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Dee Olateru: 3 Lessons From a Southern African Adventure



Last time on BellaNaija, I admitted to not having seen most of the African continent. I wrapped up with a commitment to do better in my own way, starting with a 2.5-week trip through three Southern African countries in August.

I travelled solo, through South Africa (Cape Town, Johannesburg, and the Greater Kruger area), Zimbabwe, and Mauritius; staying in accommodation ranging from hostels to luxury accommodation.

I’ve had some time to digest the experience, and I wanted to share some of the lessons I’m taking away from this trip.

Gosh, we are a Beautiful People and so is the Land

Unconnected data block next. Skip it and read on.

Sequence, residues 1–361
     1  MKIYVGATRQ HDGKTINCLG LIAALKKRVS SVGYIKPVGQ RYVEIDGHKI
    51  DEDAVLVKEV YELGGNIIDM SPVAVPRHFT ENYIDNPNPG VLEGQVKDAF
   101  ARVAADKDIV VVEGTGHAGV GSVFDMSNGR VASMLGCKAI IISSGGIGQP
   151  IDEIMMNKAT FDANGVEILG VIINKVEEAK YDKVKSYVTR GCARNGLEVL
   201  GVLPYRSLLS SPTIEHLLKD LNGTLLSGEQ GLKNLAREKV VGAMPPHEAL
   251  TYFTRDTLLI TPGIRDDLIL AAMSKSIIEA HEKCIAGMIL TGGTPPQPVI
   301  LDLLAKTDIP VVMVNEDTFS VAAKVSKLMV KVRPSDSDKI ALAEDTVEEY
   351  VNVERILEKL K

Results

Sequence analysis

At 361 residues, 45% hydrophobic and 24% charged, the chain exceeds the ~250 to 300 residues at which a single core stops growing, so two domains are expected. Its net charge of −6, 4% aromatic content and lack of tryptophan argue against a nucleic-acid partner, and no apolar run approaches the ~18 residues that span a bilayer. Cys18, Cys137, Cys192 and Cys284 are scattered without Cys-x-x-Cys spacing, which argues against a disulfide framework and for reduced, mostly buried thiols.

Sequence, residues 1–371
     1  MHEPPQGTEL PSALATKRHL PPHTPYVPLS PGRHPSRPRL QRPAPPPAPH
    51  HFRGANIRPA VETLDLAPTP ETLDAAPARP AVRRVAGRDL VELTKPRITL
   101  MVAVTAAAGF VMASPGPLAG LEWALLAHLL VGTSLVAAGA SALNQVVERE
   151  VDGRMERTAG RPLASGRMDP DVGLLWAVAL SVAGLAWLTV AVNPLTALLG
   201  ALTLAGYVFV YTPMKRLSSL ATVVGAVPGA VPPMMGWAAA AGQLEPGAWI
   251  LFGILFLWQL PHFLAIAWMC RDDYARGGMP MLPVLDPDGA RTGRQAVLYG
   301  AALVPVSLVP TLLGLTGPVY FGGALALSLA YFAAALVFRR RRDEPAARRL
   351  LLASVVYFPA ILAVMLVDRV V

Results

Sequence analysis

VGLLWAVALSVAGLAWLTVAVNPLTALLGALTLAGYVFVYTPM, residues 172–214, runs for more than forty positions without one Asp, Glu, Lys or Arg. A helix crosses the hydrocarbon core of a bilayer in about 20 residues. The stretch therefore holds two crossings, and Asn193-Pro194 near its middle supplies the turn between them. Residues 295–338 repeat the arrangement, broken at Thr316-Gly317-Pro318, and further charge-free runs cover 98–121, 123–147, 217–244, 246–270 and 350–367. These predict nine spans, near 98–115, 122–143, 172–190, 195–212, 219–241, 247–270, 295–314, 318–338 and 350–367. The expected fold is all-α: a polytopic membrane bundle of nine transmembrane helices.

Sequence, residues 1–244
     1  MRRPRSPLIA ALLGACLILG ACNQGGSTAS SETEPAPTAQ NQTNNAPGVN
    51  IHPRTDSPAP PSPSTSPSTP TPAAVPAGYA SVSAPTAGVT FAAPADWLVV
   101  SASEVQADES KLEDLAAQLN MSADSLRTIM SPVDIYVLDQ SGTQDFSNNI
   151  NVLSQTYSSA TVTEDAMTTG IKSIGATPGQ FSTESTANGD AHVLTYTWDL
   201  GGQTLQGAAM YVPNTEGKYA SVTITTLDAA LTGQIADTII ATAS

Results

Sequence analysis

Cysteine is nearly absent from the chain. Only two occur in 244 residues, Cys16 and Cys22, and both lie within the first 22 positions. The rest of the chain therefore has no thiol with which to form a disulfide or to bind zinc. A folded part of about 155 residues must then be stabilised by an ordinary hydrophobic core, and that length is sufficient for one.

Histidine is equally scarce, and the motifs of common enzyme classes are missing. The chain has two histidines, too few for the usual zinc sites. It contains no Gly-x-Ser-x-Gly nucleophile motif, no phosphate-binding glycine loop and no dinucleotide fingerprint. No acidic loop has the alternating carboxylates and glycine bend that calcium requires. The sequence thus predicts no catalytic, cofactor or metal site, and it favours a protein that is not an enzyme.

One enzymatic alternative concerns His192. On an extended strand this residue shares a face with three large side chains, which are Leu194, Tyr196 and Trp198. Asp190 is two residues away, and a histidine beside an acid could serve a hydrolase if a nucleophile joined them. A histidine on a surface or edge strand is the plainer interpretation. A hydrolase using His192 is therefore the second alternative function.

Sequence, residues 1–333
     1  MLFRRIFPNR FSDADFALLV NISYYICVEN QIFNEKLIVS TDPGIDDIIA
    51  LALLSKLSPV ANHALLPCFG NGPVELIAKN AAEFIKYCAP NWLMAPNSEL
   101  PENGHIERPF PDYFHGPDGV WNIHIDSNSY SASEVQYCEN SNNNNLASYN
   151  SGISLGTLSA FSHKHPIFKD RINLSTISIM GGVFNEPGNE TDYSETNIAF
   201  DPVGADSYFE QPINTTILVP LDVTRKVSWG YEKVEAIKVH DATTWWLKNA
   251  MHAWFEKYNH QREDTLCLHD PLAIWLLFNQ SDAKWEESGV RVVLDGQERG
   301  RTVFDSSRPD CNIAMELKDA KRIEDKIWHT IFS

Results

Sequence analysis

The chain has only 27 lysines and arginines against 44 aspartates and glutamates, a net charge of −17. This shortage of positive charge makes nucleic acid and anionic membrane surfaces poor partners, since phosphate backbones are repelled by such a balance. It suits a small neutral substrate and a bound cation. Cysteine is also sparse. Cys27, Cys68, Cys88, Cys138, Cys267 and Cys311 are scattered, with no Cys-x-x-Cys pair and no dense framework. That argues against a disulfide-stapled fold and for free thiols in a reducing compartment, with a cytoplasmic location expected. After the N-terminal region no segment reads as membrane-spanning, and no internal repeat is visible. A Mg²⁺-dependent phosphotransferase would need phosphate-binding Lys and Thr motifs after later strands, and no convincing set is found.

In Cape Town, I received the warmest immigration welcome ever, and you know these officers are usually serious people! I was called ‘Sister’ and I loved it. I experienced the warmth of strangers throughout my time.

I saw hustle and I respect a good hustle! From the young man proudly showing us his shack (built entirely of cardboard and soft drink caps) in Langa township, to the security guard self-studying at my hostel, to the lady up in the wee hours with her sheep roasting business, to the tour guide giving back to his township by employing vendors, to the owner of the Shebeen making Umqombothi, to the ladies killing it in business and media. How can one not be inspired to go hard?

I observed South African women SLAY: from the outfits, to the accessories, to the hair! Oh the hair, I’ve never seen our hair styled so boldly and beautifully in so many different ways!

South Africa and Mauritius are incredibly racially diverse, this diversity is beautiful to behold.